Custom DVI Cable

Elike DVI Cables deliver higher resolutions, prioritize backward compatibility for seamless connections with various devices, and ensure a clear and stable signal immune to analog signal degradation and interference, making them ideal for demanding tasks.

DVI Cables Tailored to Every Situation

Enjoy compatibility with a wide range of devices and lifelike image quality with our DVI cables.

Fit to Any Need

How to Choosing the Right DVI Cable

Cable Thickness and Durability

Check the cable thickness and ability to last long. Thicker cables are often characterized for better build quality and durability. They can withstand wear and tear while providing enhanced signal integrity, which makes them ideal for long-term use.

Connectors and Shielding

High-quality connectors guarantee a secure fit, minimizing the risk of signal loss. Effective shielding protects against electromagnetic interference, which helps to maintain a pristine signal.

Gold-Plated Connectors

Cables with gold-plating enhance conductivity and are resistant to corrosion, which helps to improve signal transfer. Also, they are very beneficial in environments that are exposed to extreme conditions like humidity.

Oxygen-Free Copper (OFC) Conductors

Gold-plated cables reach up to 17 Gbit/s, while regular ones reach 10 Gbit/s. Gold-plated cables prove better shielding and are more durable than regular connectors.

Dual-Link vs Single-Link Cables:

Decide between a single-link or dual-link DVI cable based on the device compatibility (number of pins). Single-link works for lower resolutions, while dual-link is better for resolutions above 1920 x 1200 due to its higher bandwidth.

Shielding and Interference Prevention

Select DVI cables with multiple and strong layers of shielding for superior interference prevention and consistent signal transmission. This helps to prevent disturbance from nearby electronic devices that can degrade the signal quality.

Different Types of DVI Cables

There are 3 major types of DVI cables.

DVI-A (Analog):

Used for only analog data transmission and is designed to serve as a link between older equipment, like analog VGA monitors to newer digital devices.

DVI-D (Digital):

Used for only direct digital data transmission. It provides a faster and higher quality display than analog.

DVI-I (integrated):

Used for both analog and digital data transmission. It serves both worlds as it can transmit analog-to analog signal or digital-to-digital signal.

DVI Connectors and Compatibility

Connector compatibility relies on the data type (analog or digital) and cable design (DVI-A, DVI-D, DVI-I, single-link, or dual-link). Check the female DVI receptacles on both devices for the required compatibility.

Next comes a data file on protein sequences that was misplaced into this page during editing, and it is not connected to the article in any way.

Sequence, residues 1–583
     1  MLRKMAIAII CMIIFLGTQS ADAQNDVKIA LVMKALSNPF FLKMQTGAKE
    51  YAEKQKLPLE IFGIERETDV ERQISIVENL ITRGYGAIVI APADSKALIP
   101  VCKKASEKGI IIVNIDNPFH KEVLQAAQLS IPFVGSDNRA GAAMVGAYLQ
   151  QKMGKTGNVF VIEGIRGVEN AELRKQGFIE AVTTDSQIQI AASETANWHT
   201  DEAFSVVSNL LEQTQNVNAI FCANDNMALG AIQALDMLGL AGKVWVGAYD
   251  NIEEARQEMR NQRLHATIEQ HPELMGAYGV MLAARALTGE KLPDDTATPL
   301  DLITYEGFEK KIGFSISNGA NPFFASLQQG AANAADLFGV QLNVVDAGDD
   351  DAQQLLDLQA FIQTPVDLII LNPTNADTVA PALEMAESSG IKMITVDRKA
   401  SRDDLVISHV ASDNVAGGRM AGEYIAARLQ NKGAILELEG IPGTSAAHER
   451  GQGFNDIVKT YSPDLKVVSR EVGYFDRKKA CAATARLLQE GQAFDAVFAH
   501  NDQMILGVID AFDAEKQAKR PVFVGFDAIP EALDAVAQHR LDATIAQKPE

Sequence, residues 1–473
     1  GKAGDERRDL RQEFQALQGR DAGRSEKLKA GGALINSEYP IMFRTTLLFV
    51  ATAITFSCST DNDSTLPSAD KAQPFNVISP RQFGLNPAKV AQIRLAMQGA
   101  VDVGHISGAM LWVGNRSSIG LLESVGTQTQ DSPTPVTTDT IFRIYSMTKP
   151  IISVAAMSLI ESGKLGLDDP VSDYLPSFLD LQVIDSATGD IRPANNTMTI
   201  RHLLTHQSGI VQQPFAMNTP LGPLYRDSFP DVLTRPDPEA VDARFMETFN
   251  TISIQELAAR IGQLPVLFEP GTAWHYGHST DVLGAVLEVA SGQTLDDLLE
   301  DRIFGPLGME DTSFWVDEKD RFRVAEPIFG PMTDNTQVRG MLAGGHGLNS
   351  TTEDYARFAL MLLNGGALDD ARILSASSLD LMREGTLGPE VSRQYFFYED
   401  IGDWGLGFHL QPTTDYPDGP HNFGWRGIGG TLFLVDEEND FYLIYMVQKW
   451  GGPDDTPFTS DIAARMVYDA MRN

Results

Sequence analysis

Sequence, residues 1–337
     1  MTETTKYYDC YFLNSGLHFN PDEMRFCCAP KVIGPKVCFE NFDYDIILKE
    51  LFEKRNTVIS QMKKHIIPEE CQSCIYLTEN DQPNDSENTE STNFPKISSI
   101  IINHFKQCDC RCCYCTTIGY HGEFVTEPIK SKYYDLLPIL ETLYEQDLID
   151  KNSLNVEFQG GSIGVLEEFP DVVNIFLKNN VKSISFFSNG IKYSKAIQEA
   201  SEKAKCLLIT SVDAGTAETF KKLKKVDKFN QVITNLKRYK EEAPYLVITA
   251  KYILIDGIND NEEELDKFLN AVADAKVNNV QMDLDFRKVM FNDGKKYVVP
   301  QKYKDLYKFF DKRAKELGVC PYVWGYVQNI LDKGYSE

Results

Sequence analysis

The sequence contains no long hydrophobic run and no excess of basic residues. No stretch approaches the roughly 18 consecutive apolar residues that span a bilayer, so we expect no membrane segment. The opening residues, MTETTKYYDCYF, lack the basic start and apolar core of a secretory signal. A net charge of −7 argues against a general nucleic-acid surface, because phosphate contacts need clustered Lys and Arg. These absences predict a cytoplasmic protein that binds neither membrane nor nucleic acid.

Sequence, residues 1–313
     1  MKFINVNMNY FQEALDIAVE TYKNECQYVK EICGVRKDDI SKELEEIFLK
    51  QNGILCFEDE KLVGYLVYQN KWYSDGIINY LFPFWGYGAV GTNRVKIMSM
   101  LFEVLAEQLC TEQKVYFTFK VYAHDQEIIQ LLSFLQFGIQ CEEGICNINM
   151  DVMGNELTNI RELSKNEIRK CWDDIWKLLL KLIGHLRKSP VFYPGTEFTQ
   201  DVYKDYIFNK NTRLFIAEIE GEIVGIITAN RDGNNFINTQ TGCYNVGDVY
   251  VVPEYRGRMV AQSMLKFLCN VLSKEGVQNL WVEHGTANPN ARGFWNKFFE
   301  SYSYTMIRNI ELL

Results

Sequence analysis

• If both device receptacles are DVI-A, go for a DVI-A cable.
  • If both device receptacles are DVI-D, go for a DVI-D cable.
  • If both device receptacles are DVI-I, choose between DVI-A for analog or DVI-D for digital display, but we recommend using a DVI-I cable.
  • If one receptacle is analog and the other is digital, there is no single cable capable of transferring their data. Hence, an Analog-to-digital Conversion (ADC) process will be used.

Types of Adapters and Converters

DVI to HDMI Adapter: This compact device bridges the gap between DVI and HDMI connectors, featuring a female HDMI port on one end and a male DVI port on the other. It’s used to connect a DVI output device to an HDMI input display system.

DVI to HDMI Cable: This cable combines a DVI connector on one end (DVI-D or DVI-I) with an HDMI connector on the other end. It’s ideal for connecting devices that have the same digital video and audio capabilities.

DVI to HDMI Converter: This converter transforms a DVI-D (purely digital) signal into HDMI, not only changing the physical connection but also extracting and combining the audio signal for transmission through HDMI.

Factors to Choosing DVI to HDMI Solutions

These are the major factors that can influence your decision on which to choose between DVI and HDMI solutions.

Audio and Video Compatibility: DVI lacks audio transmission, requiring an additional cable, which can lead to cable clutter. HDMI combines audio and video signals in a single cable, or you can use a DVI to HDMI converter for this purpose.

Signal Loss and Quality Degradation: Longer cables or multiple adapters can cause signal loss, especially with DVI when transmitting audio separately. To prevent this, opt for high-quality DVI to HDMI adapters or converters with strong signal integrity.

HDCP  Compliance: DVI lacks HDCP support, while HDMI is better for protected content. You can also use a DVI to HDMI solution with HDCP compliance to protect content during transmission, preventing unauthorized copying or distribution.

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